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  • Helping Pets with Separation Anxiety

    Grayscale Photo of Golden Retriever

    We all miss our pets when we’re away, but sometimes our pets miss us a little too much. Separation anxiety is a common disorder, especially among dogs, affecting 20 to 40 percent of pups taken to visit veterinary behavior specialist.

    Separation anxiety is more than just occasional crying at the door for a bit when you leave. It’s much more extreme and occurs every time your pooch is left alone. Symptoms include:

    • Excessive whining, howling or barking
    • Destructive chewing or scratching
    • Intense pacing
    • Bathroom accidents
    • Attempts to escape

    Separation anxiety can be caused by a number of factors, including past trauma or changes in their routine, and some breeds are more prone to it than others. Luckily, there are proactive steps pet parents can take to ease their dog’s anxiety.

    1. Don’t make goodbyes a big deal.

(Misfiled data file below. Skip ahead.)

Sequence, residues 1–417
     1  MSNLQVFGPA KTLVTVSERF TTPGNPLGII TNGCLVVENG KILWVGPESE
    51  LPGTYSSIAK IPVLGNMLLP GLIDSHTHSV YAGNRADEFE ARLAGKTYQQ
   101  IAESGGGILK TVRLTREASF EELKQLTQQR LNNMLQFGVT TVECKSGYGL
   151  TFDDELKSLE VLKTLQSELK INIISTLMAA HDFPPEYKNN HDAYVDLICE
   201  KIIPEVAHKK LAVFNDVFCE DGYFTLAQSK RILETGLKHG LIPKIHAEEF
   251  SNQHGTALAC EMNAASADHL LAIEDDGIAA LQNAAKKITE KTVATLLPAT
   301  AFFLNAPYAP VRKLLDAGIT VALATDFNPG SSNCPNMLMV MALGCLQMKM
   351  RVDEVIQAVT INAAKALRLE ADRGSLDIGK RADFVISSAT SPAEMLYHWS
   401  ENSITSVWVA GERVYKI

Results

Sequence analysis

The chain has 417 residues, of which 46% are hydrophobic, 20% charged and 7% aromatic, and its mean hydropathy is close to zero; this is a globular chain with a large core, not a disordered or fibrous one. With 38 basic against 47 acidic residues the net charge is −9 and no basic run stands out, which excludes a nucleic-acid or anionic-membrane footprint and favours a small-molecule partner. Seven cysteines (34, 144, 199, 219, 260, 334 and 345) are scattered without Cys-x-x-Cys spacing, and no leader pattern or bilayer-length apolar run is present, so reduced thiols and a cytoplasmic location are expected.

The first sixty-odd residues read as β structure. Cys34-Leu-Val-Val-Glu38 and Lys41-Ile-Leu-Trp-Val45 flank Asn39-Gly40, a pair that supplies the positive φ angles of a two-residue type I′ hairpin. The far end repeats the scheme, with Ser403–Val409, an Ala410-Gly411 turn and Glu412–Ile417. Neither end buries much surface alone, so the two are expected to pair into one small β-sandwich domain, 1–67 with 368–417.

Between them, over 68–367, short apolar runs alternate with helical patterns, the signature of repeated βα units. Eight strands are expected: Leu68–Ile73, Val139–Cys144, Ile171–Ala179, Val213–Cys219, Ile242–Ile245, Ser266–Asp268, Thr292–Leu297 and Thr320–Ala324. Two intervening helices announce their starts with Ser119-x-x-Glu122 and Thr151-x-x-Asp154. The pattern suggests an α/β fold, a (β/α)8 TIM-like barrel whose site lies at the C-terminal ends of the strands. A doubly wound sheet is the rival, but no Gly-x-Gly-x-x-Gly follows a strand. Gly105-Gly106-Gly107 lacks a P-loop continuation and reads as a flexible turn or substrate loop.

Instead of giving your pup a bunch of extra attention before you head out, ignore them. While this may seem counter-intuitive, it’s actually communicating that your time apart isn’t a big deal.

    2. Provide sources of comfort.
    Before you leave, give your dog a special treat or toy. That way, he starts to associate the experience with positive feelings.

    You can also provide comforting scents and sounds by giving your dog a shirt that smells like you to cuddle with or turning on an audio-book or white noise machine.

    3. Start with baby steps.
    Just like any other training, practice makes perfect. Start by leaving your dog alone for short periods of time (5 minutes) and then working your way up in small increments.

    4. Go for a walk.
    Just like exercise is good for our mental health, it’s also good for our pets’. Ensure your dog is getting enough physical activity by starting the day with a brisk walk before you head to work.

    5. Talk to your veterinarian.
    If your dog’s negative behaviors persist, consult your veterinarian about other steps you can take. They may recommend over-the-counter treatments, prescriptions or other training ideas.

    Source: Pet Business